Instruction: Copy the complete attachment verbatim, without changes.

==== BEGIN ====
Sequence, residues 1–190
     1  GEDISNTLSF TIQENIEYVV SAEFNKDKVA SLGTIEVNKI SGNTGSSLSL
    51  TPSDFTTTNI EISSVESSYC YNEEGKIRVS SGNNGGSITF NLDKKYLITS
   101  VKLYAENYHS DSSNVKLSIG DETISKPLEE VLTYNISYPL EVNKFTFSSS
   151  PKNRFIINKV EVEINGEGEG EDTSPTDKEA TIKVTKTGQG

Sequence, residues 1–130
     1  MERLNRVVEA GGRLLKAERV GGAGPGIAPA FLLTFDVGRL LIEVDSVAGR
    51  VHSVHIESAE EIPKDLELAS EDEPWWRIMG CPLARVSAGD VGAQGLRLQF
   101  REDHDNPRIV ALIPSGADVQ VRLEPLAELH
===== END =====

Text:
Sequence, residues 1–190
     1  GEDISNTLSF TIQENIEYVV SAEFNKDKVA SLGTIEVNKI SGNTGSSLSL
    51  TPSDFTTTNI EISSVESSYC YNEEGKIRVS SGNNGGSITF NLDKKYLITS
   101  VKLYAENYHS DSSNVKLSIG DETISKPLEE VLTYNISYPL EVNKFTFSSS
   151  PKNRFIINKV EVEINGEGEG EDTSPTDKEA TIKVTKTGQG

Sequence, residues 1–130
     1  MERLNRVVEA GGRLLKAERV GGAGPGIAPA FLLTFDVGRL LIEVDSVAGR
    51  VHSVHIESAE EIPKDLELAS EDEPWWRIMG CPLARVSAGD VGAQGLRLQF
   101  REDHDNPRIV ALIPSGADVQ VRLEPLAELH